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Why The Big Delay?

Jim Brown, Audio Systems Group; Chicago, IL

Delayed loudspeakers are used for several reasons, but nearly always to supplement the main front loudspeakers at the side or rear of the congregation. Their successful use depends on what is popularly known as the Haas Effect, named for one of several scientists who independently "discovered" it.
The Haas Effect is simply the ability of the human ear-brain combination to assign direction to the first arrival of the same sound it hears, rather than the strongest. For example, say a guy is hunting in the forest, and he hears a bear. The sound may come to him directly from the bear, and it may also come to him bouncing off a cliff 20 feet away. Even if there are trees between him and the bear to muffle the direct sound, the direct sound gets there first, and his brain correctly tells him where the bear is, even though the sound from the cliff may be louder (because the sound traveled farther over the path from the bear to the cliff to the hunter).
We use this ability with sound systems by adding an electronic device called a Signal Delay in the feed to the amplifier for the loudspeakers at the rear of the congregation. We then set the delay time so that sound from the closer loudspeaker gets there slightly later than the sound from the main loudspeakers (10-20 milliseconds is about right).
Sound travels at about 1150 ft/second (1.15ft/millisecond) [see note at end of article], so we can use basic trig or a tape measure to determine the distances involved, then set the delay unit accordingly.
There are several reasons for using delayed loudspeakers. Under a balcony, for example, listeners won't hear loudspeakers that are flown above an altar. In a balcony, delayed loudspeakers can be used to allow the main cluster(s) to be smaller.
Delayed loudspeakers can also be used to eliminate problematic reflections from rear walls back to the altar area, or to the front of the audience. They can do this because they can be placed overhead, but further back in the congregation, so that they hit the back wall at a steeper angle. Think of it this way. A loudspeaker on the altar hits the back wall and comes straight back to the altar, and if the back wall is 100 ft away, the reflection will be about 180 ms late. Real nasty. A loudspeaker above the altar hits the back wall and comes down near the front of the congregation, perhaps 120 ms late. Still real nasty. But if you put the loudspeaker only 50 ft from the back wall and keep it high, you might be able to make it come down only 15 ft from the back wall. Considering the angles involved, it might be only 25 ms late. The ear has no problem with this short an arrival time difference.
This ability to tailor the angle at which the sound hits the back wall is a big part of why the delayed loudspeaker was recommended for the outdoor system. But there's another reason.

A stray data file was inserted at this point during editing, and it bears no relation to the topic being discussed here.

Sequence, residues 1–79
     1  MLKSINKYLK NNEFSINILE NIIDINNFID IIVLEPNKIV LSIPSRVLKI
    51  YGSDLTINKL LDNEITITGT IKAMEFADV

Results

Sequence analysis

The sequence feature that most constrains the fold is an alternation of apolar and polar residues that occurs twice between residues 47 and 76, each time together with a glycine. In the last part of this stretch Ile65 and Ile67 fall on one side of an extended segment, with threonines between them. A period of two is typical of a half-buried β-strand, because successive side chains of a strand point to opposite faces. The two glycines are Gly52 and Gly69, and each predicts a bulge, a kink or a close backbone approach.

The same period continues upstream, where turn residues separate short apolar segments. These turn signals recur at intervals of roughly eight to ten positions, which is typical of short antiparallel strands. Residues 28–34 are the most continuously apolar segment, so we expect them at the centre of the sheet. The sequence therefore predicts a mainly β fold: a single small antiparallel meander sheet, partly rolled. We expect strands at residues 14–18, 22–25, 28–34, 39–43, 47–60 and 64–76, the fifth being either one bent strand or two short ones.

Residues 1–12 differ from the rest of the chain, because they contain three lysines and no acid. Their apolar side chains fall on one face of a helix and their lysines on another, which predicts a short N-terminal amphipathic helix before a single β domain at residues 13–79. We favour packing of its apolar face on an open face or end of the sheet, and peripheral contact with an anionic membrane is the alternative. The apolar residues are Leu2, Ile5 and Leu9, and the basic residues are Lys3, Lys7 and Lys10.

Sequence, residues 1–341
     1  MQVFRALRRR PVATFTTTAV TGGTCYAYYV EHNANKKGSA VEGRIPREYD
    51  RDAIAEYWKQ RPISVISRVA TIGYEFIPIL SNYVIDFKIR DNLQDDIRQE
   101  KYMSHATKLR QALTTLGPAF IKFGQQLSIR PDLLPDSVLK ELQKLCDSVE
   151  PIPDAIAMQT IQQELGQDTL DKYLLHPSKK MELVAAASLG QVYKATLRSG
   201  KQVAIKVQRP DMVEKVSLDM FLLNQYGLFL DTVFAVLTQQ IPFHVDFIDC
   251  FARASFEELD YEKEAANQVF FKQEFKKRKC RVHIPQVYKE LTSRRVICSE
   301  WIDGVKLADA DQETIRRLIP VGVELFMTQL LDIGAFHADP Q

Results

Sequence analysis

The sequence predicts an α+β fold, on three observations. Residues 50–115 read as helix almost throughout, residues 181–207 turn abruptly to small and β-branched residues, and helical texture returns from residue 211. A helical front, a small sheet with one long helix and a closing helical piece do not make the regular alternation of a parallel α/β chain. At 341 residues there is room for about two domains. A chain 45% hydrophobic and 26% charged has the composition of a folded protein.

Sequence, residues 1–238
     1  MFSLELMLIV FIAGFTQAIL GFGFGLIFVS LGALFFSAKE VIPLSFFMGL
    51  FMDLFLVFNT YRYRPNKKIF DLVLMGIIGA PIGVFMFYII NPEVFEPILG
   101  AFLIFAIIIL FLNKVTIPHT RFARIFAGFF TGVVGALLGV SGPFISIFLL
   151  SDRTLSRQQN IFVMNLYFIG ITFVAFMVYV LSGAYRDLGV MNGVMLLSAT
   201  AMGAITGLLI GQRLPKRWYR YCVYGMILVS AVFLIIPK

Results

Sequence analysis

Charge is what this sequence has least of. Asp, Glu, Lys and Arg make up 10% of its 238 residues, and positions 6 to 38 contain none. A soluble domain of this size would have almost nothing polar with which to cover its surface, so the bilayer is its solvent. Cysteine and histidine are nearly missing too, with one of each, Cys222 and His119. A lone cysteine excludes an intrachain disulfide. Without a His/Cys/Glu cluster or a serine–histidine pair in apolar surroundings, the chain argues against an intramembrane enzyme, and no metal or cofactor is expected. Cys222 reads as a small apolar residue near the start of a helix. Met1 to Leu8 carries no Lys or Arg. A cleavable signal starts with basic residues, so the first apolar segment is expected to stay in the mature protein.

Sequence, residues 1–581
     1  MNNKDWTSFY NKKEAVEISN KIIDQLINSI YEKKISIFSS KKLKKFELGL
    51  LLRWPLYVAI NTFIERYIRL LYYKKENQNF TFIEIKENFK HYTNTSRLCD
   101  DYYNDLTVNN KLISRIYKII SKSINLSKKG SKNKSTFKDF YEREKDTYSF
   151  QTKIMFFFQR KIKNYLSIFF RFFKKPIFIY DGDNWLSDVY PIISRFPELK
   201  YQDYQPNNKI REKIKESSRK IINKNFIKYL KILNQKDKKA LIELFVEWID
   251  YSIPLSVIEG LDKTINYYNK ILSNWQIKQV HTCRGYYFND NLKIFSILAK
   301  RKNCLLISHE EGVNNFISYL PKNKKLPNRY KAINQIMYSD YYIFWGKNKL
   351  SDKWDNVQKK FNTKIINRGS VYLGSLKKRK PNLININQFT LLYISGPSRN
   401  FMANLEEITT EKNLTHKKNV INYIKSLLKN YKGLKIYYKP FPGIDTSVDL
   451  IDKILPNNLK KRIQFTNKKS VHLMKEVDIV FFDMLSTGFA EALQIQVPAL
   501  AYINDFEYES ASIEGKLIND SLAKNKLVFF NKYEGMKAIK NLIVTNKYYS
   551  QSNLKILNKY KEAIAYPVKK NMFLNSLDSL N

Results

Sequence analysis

The direct sound from a loudspeaker drops off by 6 dB for each doubling of distance between the loudspeaker and the listener. So to get 95 dB at the back row of a 200 ft audience, you need 101 at 100 ft, 107 at 50 ft, 113 at 25 ft, 120 at 12.5 ft, 126 at 6.25 ft. This is called "inverse square law," and is another reason why it's good to get the loudspeakers high in the air. If you're 25 ft in the air and 10 ft from the front row, the loudest it will ever get in the front row will only be about 112, instead of about 122. Big difference.
And this is with a non-directional loudspeaker. If you have a loudspeaker up in the air which is able to focus the sound into a narrower vertical angle, you can achieve 102 in the front row with 95 in the back row. An even bigger difference. And because you have this control of the system, you can run the entire system hotter because you're not making ears bleed in the front rows to get the level you want at the rear of the congregation.
It's important to understand that it isn't easy to get directivity from the relatively compact boxes used in popular concert clusters. Most are too small to have any useful directivity below 1 KHz, and many lose control below 2 KHz. These systems are popular because the folks who design them don't sit in the lousy seats that are too close to them -- they hang out back by the mix console in the back row and crow about how wonderful they sound!


NOTE: The speed of sound is dependant on the air temperature and humidity in the air. In Jims' text, he gives the speed of sound at 92.5 degrees Fahrenheit. When it's twenty degrees cooler (72 degrees Fahrenheit) sound travels at 1130 feet per second. Why is this important? Simply put, you initially set your delay time based on the speed of sound at one temperature, when the temperature changes, you'll need to change the delay time to compensate to keep the Hass Effect working for you. This is true for large rooms, and not as critical in smaller rooms.